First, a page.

Seventeen hundred years ago Augustine of Hippo, North Africa, invented the tell-all book, and in so doing he created modern Christianity. He had no way of knowing that he was also creating the beginnings of the modern thinker who would, within a few centuries, come into violent conflict with this new Christianity. (Karl Jaspers, the German philosopher, called him "the first modern man.") It's no wonder that The Confessions and The City of God seem as vital today as they did at the dawn of Christian civilization, and not just to Christians.
Augustine gave Christianity the concept of original sin (or as one biographer phrased it, "He invented predestination") and practically designed the model for cooperation between church and state, the merits of which are still being debated on our op-ed pages. But his vigorous and passionate introspection also made him a beacon for the skeptical and the rebellious. As Rebecca West pointed out, "He works in the same introspective field as the moderns," by which she meant Proust, but others have cited Shakespeare, Tolstoy and even Joyce.
In Saint Augustine -- the fourth volume from the new Penguin Lives series (Marcel Proust, Crazy Horse and Mozart are the other three) -- Garry Wills trumps them all, finding connections with G.K. Chesterton, D.H. Lawrence, Vladimir Nabokov (Humbert Humbert's conception of time as "a continual spanning of two points, the storable future and the stored past") and even Philip Roth (through Augustine's theory of impotence as "the extreme example of inner dividedness"). How many other pre-Renaissance figures can claim kinship to Humbert and Portnoy?
Wills' method here, as in previous biographies, is to comb his subject free of historical misconceptions. For example, the term that best covers the range of meanings for Augustine's most famous book isn't "confessions" but "testimony": "The thing confessed does not have to be a moral truth." Augustine's purpose was less to confess his misdeeds than, as he put it, "to testify, to speak out what the heart holds true." Regarding The City of God, Wills argues that it was misunderstood by medieval scholars "as a fixed doctrine of church-state relations," when in fact "the attitude of Augustine was one of joint endeavor after a truth that is always just beyond us." In other words, the first great intellectual interpreter of Christian doctrine had a streak of skepticism. Wills goes on to make a convincing case for Augustine the mystic in a formulation that could have come from Chesterton: "Augustine did not delve into his soul to find sin. He went there to find God -- and that is where he did find Him."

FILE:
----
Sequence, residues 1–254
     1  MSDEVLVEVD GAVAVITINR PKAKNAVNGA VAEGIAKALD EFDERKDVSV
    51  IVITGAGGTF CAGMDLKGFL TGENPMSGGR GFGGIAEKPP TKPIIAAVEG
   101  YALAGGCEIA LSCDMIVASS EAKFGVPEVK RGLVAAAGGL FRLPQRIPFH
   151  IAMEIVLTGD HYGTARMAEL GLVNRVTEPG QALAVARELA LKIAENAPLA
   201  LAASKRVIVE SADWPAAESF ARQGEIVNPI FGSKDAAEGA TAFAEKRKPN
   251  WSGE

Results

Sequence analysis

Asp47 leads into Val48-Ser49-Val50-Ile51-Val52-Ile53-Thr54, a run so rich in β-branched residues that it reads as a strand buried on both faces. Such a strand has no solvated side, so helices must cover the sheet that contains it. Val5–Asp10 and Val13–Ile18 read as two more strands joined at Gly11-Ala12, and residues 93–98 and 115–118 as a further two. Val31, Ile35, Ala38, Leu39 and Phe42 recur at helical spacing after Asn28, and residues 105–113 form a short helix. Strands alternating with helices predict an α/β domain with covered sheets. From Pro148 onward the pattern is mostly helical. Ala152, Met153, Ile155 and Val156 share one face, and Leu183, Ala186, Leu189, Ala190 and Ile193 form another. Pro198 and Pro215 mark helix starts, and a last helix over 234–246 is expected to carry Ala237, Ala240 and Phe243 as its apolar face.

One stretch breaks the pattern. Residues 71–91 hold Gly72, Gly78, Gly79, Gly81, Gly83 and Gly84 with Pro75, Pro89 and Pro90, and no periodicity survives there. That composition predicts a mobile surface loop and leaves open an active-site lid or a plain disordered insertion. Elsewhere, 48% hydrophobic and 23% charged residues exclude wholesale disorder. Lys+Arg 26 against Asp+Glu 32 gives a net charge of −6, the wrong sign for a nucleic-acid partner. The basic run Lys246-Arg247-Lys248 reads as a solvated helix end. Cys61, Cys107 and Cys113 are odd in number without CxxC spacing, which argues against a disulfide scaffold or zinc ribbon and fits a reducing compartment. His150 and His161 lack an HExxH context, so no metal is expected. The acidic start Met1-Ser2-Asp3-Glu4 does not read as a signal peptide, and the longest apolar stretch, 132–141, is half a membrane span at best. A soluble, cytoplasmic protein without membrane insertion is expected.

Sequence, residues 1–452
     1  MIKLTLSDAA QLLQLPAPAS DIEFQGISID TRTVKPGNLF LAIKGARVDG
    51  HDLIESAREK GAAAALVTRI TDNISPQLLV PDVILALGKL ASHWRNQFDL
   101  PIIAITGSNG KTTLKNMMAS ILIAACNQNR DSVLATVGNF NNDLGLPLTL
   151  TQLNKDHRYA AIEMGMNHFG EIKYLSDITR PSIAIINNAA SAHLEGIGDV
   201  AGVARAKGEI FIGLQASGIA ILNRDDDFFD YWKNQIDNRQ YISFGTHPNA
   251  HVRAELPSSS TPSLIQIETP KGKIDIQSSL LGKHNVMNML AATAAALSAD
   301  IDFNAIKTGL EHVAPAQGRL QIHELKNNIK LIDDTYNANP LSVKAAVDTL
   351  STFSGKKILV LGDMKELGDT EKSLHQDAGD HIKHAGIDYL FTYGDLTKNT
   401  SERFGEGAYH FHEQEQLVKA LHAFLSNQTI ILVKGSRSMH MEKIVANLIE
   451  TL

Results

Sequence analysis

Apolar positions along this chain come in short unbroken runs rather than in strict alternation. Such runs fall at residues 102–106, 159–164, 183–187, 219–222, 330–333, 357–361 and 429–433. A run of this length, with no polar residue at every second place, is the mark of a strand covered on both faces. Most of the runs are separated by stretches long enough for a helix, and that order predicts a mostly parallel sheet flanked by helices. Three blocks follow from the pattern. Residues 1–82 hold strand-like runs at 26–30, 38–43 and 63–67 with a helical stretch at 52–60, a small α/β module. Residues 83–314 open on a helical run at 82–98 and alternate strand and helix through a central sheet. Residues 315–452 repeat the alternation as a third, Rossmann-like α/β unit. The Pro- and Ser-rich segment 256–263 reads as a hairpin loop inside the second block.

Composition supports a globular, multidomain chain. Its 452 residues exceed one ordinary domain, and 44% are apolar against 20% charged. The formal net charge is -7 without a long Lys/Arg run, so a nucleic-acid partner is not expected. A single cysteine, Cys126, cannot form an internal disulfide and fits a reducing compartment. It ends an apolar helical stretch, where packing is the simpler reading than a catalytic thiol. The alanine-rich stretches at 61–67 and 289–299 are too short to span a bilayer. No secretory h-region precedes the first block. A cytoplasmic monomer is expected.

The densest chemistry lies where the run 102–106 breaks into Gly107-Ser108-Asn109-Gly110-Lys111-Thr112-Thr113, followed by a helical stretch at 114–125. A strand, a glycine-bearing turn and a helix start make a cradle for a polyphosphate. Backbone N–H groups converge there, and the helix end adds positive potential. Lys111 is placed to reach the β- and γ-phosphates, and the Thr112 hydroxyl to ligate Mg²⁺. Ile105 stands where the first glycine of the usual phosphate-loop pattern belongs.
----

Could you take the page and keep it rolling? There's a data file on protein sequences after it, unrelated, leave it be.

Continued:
Like Chesterton, who performed similar favors for St. Francis of Assisi and Thomas Aquinas, Wills can do this sort of essay-biography standing on his head, and Saint Augustine is a swift and invigorating read. There's something missing, though. For one thing, the author is disappointing when it comes to Augustine's place in modern Christian thought. For another, he apologizes too defensively for the great Christian apologist. Regarding Augustine's desertion of his concubine, Una, the mother of his only known child, Wills writes, "There is no way to excuse Augustine's treatment of Una -- as his own later words about his situation show. But can we say that he 'dismissed' her?" I think we can, since Augustine did. It would be enough for Wills to simply note that saints are seldom saints when they are young.
The biggest disappointment, though, is Wills' failure to come to grips with Elaine Pagels' groundbreaking 1988 book, Adam, Eve, and the Serpent, in which Augustine's concept of original sin is written off to political expediency. Wills can hardly be ignorant of Pagels' work, which has once again put Augustine at the center of much religious debate, yet he doesn't mention it at all. His Saint Augustine is like a strange mirror that gives a clear picture of the background but fails to reflect what is standing directly in front of it.